- 08/10/2017 at 15:56 #73384
I don’t know if there are many 40K gamers here, but figured I’d ask about this just in case.
Over the weekend, I had opportunity to stop at several hobby/gaming shops, some of which had painted 40K armies on display. Most of these painted armies were simply outstanding; positively beautiful work. The one thing that surprised me about most of them was the size of the armies. Particularly given the range of figure and unit types available within the game system, they struck me as being very small. Many had less than thirty figures/monsters/vehicles. Is that typical? I would have expected the armies to be larger on average, and a few where, but the vast majority had a couple of units of troops, and a few other single figures, vehicle, machines. What is the typical size of a Warhammer 40K (or 30K) army?
irishserb08/10/2017 at 18:39 #73397craig cartmellParticipant
It is more a case of how expensive are they?
Old grognards like myself often have hundreds of W40K figures and dozens of vehicles going back to the eighties.
But if you are a newbie, the entry cost is staggering. A 1,500 point army will cost you hundreds of pounds…
The Ministry of Gentlemanly Warfare08/10/2017 at 19:23 #73400MikeKeymaster08/10/2017 at 20:01 #73404
I had a brief involvement in 40K around 1989-90, but haven’t had opportunity to play it since. I always thought of it as “skirmish style”, with individually mounted and managed figures, but not really skirmish in scope. The guys in the group that I briefly gamed with back then had many dozens to a couple hundred figs each, and I guess that sort of stuck with my perception of the game.
I recently started reading some of the Horus Heresy books and briefly toyed with trying to get back into it, since I would have endless opportunity to game at the local shop, but I priced out what appealed to me, and just can’t afford it. I quickly came to realize what Craig mentions about price above. Anyway, like I said, I was just curious as to typical army sizes.
@ Craig, do you still use a lot of your older stuff, or does it get replaced by newer figs? I have a bunch of old IG that I recycled as a post-apoc/sci-fi company, maybe 120 figs, but like I said, don’t play 40K with them. Love those older figs though.08/10/2017 at 21:14 #73411RhodericParticipant
Judging by some quick research I did just now, a normal-sized tournament army for 7th-8th edition of 40K (8th being only a few months old) is 1500-2000 points, with 1850 a common points value for some reason. That’s intended to be a suitable size range for a three hour game on a 4′ x 6′ table. So, do some image searches for 1500, 1850 and 2000 point 40K armies, and that should give you a good answer to your question.
The tournament standard is probably the best benchmark you have to go by. It seems to me that most GW gamers nowadays apply tournament rules for army construction even for pick-up games and other non-tournament situations – the point being to make the pre-game “information handshaking” as quick and effortless as possible. IMO, that’s one of the few strengths that the GW games still have going for them (but I personally don’t much care anymore as I’m entirely a “collect both sides” type of gamer-hobbyist these days).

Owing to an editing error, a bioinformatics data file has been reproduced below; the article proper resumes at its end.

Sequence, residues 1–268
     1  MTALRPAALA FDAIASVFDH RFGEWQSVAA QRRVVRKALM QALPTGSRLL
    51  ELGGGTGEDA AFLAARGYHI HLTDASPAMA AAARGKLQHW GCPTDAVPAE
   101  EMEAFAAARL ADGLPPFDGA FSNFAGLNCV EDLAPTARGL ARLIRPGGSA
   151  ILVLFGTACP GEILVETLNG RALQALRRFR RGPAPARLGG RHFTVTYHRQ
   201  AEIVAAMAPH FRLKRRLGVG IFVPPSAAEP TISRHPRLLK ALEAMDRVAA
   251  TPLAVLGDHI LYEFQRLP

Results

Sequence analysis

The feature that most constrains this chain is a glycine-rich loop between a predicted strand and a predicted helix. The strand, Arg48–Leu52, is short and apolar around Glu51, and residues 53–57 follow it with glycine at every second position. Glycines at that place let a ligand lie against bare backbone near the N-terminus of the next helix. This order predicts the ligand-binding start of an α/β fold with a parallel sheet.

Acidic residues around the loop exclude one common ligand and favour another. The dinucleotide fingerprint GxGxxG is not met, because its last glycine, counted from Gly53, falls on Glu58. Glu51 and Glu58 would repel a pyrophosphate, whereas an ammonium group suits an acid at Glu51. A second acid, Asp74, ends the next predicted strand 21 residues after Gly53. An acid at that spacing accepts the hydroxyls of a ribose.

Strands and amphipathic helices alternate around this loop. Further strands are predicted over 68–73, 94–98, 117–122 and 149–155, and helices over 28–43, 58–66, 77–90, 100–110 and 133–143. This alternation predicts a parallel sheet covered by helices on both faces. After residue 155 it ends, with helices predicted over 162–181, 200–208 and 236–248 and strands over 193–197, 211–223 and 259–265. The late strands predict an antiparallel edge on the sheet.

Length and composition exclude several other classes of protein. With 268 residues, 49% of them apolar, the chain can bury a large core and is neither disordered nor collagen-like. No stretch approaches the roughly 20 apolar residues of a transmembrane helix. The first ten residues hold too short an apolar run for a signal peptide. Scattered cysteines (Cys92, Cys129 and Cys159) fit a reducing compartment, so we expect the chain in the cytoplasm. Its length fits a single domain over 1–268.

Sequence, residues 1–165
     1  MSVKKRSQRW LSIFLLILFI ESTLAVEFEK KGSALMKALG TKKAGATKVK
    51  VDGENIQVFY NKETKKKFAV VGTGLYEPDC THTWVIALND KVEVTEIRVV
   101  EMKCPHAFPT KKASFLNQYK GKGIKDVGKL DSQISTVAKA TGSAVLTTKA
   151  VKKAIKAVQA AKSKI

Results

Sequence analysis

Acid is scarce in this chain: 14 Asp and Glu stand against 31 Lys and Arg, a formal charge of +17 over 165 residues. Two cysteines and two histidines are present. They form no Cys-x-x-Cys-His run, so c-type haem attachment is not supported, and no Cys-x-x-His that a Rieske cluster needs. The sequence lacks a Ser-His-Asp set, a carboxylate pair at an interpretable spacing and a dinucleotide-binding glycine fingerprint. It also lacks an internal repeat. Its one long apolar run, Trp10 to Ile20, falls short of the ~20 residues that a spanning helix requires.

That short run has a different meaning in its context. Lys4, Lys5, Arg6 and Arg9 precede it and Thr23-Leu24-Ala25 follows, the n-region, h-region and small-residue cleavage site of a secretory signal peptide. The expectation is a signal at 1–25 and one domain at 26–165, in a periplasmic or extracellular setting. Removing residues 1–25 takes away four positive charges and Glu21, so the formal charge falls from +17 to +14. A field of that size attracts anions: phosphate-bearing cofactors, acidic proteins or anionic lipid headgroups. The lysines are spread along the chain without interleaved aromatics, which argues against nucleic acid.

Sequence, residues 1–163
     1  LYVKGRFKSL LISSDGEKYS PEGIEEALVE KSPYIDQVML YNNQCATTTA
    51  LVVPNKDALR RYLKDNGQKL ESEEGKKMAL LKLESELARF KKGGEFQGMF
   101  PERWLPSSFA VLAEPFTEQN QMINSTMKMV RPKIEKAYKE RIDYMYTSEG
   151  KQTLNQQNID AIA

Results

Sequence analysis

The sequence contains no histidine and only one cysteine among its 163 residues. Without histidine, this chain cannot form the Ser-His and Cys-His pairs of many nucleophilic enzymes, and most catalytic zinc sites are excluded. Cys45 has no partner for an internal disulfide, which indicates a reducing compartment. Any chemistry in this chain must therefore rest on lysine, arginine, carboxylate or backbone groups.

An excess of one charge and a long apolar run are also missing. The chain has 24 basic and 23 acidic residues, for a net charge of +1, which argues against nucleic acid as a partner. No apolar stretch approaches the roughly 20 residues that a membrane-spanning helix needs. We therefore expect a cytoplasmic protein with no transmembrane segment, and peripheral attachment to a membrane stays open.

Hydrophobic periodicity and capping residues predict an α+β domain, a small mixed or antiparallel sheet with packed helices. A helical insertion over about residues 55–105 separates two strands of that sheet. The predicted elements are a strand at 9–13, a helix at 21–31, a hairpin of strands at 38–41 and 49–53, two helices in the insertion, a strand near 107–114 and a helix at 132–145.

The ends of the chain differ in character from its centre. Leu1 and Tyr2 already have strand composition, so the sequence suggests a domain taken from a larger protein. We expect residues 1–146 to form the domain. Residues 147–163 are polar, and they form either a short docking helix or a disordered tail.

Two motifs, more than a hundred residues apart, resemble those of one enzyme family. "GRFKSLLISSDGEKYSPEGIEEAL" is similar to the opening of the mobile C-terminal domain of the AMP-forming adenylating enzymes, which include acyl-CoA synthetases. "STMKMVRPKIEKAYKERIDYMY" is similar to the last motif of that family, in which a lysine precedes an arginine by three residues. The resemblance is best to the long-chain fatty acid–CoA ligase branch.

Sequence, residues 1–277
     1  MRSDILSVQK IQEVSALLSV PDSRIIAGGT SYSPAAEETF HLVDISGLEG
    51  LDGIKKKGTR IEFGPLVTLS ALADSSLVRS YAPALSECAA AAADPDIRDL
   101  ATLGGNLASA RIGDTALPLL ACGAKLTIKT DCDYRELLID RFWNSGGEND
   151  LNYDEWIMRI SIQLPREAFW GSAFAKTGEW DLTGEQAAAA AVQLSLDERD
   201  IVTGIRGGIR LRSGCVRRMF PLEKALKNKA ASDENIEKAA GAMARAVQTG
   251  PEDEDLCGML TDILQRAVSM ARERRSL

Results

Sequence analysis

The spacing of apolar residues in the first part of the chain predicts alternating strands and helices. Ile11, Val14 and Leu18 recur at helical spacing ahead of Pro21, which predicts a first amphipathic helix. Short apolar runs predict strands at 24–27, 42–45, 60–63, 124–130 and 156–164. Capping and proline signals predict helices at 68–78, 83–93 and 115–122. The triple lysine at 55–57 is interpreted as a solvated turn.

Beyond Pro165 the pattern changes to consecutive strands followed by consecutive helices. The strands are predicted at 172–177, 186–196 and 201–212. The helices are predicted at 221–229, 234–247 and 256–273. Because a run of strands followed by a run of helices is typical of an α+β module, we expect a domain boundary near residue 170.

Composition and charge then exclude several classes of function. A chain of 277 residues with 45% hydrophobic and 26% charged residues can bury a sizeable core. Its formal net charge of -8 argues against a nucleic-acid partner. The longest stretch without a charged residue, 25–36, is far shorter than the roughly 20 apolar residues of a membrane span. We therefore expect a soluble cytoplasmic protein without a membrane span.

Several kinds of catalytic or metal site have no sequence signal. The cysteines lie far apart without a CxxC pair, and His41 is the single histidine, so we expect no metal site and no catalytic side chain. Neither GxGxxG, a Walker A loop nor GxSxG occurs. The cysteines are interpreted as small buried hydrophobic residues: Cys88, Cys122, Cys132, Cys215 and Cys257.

Incidentally, the lower limit for a viable battle is supposed to be around 1000 points (which apparently is small enough that you’re supposed to be able to make do with a 4′ x 4′ table), so you might want to search for that as well.
I was into 40K (as a game and not just a setting) in the 3rd edition days and it seems to me that armies have become somewhat bigger since then, but often with more gigantic vehicles, mechs and monsters, and fewer grunts in return.
The one thing that surprised me about most of them was the size of the armies. Particularly given the range of figure and unit types available within the game system, they struck me as being very small. Many had less than thirty figures/monsters/vehicles. Is that typical?
From my experiences of GW stores and independent stores with a GW focus, the armies on display are often the small starter forces from the “introductory” boxed sets. Maybe that’s the kind of armies you were seeing? For instance, the Dark Imperium boxed set seems to contain a 22-figure Space Marine force and a Death Guard force of 30 figures and one smallish vehicle. One is expected to expand the armies from there with further purchases.
I recently started reading some of the Horus Heresy books and briefly toyed with trying to get back into it
I’m in a somewhat, but not entirely, similar place. I gave up on 40K after a period of devotion during 3rd edition, but my interest in the setting is returning with a vengeance. I’m not interested in playing official 40K anymore (nor 30K, which I know next-to-nothing about other than what I can remember about the old fluff for the Horus Heresy), but I do want to wargame in that setting again using whatever alternative rules and figures work best for me. I might want to game adventure/skirmish scope encounters in 28mm using at least some official GW figures (mainly because proxy Eldar are hard to come by), small massed battles (what “proper” 40K gamers do in 28mm) in 15mm using the Vanguard and/or Onslaught proxy figures if those ranges keep expanding, and Epic-scope or even larger battles in 3mm using the upcoming Vanguard range.